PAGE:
Darlin’ stretches credibility at some points and the church makes for an easy target but McIntosh & Canny are is great in their roles.
Plot: Found at a Catholic hospital filthy and ferocious, feral teenager Darlin‘ (Lauryn Canny) is whisked off to a care home run by The Bishop (Bryan Batt, AMC’s Mad Men) and his obedient nuns where she is to be tamed into a “good girl.” However, Darlin‘ holds a secret darker than the “sins” she is threatened with, and she is not traveling alone.
Review: Dropped off at a hospital by her surrogate mother, feral, speechless girl Darlin’ (Lauryn Canny, a real find) is nursed back to health by hospital staff, despite being a clear danger to everyone around her. She’s like a caged wolverine: deadly and unpredictable, and doesn’t understand civilization in the least. A Catholic school agrees to take Darlin’ in, and the Bishop of the school turns her into a project, hoping to civilize her as according to his strict and abusive doctrine. Darlin’ shows progress in time, but her innocence and ignorance puts her in the Bishop’s evil crosshairs for abuse. When the Bishop realizes that she’s pregnant, he grows to hate her and “the devil inside her,” and plans to make a spectacle of her indoctrination. Meanwhile, Darlin’s surrogate mother (played by this film’s director Pollyanna McIntosh) prowls the city, looking to reclaim her daughter and the child she carries, and as she gets closer to finding her, the collateral damage piles up around her as she murders (and sometimes eats) anyone who stands in her way.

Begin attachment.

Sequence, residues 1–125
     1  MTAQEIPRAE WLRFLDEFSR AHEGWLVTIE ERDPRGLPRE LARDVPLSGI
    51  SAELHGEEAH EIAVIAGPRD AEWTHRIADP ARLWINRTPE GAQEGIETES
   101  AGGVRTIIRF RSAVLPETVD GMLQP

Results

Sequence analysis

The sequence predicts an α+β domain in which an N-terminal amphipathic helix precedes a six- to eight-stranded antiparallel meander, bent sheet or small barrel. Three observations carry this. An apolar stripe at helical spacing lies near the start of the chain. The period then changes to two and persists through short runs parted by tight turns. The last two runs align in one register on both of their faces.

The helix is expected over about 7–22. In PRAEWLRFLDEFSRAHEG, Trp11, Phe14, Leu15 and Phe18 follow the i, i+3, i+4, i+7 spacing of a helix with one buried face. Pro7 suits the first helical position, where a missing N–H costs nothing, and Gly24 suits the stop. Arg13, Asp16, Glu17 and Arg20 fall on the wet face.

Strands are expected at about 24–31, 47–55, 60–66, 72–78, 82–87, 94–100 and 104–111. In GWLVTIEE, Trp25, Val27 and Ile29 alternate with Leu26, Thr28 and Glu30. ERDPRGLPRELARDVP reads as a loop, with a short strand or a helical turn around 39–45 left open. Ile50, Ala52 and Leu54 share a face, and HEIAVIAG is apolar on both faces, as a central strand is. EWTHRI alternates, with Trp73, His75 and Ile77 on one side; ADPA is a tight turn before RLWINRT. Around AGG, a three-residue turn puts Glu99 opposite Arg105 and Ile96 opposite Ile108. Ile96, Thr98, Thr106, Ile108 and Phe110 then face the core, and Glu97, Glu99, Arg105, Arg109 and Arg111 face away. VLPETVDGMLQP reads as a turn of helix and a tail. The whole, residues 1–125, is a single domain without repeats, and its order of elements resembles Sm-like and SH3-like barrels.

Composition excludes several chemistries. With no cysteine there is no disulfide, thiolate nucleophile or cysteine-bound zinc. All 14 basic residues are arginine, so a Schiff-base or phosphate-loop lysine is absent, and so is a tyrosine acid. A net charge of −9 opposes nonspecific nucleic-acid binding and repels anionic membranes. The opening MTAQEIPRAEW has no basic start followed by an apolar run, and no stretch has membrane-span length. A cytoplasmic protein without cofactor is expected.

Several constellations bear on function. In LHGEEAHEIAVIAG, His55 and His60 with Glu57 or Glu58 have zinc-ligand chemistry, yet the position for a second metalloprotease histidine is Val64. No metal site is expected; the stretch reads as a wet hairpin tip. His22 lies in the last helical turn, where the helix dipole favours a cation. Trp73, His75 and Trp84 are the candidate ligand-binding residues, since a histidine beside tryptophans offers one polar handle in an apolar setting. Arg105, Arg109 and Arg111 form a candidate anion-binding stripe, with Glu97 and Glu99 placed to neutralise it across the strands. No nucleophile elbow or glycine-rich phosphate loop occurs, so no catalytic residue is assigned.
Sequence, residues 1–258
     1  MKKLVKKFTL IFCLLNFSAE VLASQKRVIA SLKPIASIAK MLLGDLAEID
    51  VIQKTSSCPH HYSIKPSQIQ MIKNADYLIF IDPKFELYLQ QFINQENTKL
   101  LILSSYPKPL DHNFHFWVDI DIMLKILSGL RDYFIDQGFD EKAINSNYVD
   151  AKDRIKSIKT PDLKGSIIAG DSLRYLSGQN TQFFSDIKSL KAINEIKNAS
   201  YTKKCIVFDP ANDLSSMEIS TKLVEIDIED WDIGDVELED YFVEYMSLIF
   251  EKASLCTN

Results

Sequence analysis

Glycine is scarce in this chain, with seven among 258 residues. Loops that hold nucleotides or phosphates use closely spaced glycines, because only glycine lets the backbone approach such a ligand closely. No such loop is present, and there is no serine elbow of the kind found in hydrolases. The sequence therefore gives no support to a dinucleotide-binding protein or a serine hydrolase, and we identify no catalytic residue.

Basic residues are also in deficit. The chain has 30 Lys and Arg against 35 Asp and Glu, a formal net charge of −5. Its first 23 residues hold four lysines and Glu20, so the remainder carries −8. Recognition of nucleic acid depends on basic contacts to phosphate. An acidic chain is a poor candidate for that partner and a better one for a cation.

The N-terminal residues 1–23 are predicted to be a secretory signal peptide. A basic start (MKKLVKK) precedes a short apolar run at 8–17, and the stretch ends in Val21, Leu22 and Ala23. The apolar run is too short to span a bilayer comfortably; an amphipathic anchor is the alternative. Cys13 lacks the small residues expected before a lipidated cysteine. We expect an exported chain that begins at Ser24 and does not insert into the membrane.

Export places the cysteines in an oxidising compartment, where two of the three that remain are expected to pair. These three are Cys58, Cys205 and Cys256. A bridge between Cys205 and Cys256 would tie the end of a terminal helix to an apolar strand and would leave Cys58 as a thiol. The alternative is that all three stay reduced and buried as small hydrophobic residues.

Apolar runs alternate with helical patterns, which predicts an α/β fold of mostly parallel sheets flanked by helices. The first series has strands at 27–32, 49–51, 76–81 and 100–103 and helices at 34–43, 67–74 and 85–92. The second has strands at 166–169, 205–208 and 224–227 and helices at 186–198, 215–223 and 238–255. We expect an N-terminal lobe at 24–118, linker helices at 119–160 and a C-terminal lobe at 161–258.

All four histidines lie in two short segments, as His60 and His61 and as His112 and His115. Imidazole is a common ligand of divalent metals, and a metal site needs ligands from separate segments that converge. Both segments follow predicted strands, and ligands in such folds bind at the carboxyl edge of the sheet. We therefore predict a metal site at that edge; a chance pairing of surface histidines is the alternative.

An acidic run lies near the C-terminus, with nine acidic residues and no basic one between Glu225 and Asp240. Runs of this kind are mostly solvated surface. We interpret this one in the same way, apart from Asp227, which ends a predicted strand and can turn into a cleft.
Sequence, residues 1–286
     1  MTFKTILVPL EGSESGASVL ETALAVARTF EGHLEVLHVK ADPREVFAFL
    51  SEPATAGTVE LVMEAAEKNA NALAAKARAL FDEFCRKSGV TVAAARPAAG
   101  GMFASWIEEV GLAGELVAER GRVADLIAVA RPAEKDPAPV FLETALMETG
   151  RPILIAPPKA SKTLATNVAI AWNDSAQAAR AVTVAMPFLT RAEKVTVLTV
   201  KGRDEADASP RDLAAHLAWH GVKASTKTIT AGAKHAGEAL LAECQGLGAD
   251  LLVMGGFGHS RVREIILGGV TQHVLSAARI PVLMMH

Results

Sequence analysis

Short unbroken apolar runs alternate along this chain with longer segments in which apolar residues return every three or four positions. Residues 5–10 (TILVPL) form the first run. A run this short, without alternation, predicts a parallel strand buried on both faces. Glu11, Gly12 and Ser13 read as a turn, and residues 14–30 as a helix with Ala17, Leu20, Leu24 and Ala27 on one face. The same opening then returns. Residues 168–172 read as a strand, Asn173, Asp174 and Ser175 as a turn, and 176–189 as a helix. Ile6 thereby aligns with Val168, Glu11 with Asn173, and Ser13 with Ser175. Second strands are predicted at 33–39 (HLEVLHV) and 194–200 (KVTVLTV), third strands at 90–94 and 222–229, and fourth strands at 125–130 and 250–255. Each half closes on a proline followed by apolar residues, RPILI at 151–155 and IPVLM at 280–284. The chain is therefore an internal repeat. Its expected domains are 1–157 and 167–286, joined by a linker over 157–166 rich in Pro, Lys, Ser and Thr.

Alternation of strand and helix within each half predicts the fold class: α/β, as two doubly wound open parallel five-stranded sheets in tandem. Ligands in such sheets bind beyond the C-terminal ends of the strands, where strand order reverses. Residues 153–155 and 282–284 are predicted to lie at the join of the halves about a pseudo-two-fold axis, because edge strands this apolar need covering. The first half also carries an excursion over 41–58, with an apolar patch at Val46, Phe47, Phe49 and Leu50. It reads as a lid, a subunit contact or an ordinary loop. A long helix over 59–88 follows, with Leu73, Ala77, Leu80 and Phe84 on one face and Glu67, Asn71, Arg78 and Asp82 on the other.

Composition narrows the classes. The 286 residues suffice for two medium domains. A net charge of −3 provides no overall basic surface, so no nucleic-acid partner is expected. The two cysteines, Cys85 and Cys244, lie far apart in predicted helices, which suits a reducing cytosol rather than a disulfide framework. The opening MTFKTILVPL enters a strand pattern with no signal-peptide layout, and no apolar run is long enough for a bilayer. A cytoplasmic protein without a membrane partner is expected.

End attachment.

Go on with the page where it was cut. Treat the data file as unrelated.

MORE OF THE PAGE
A direct sequel to Lucky McKee’s outstanding film The Woman, which was in itself a sequel to a film called The Offspring, also with McIntosh as the same character, Darlin’ follows the intense trajectory of McIntosh’s character, while focusing on the young woman she stole as a child in The Woman. This film’s mission is to tear down religious institutions and male patriarchy, while instilling praise and power to matriarchy and progressive agendas. Ultimately, it’s a fable with horror overtones (much like The Woman was), and it works on that level, but not really beyond that. Any time I see the church attacked by presenting pedophile or sexually deviant characters, I immediately tune out; it’s such a tired cliché at this point, that I dare a filmmaker to present a person of the church as a good and honorable person, but I get what this movie is doing. It’s just completely unoriginal on that front. And to believe that a character like McIntosh’s Woman character could exist in our world in the way she carries on in public (we see her shoplifting, approaching children at the park, murdering policemen in broad daylight, etc.) is a hard stretch of the imagination. She’d be tracked down and eliminated in a heartbeat, but again, this is a fable, so you just have to go with it. McIntosh is great in her role, as is Canny, who can have a great career ahead of her. The film ends on an open-ended note, so I wouldn’t be surprised if they made another entry.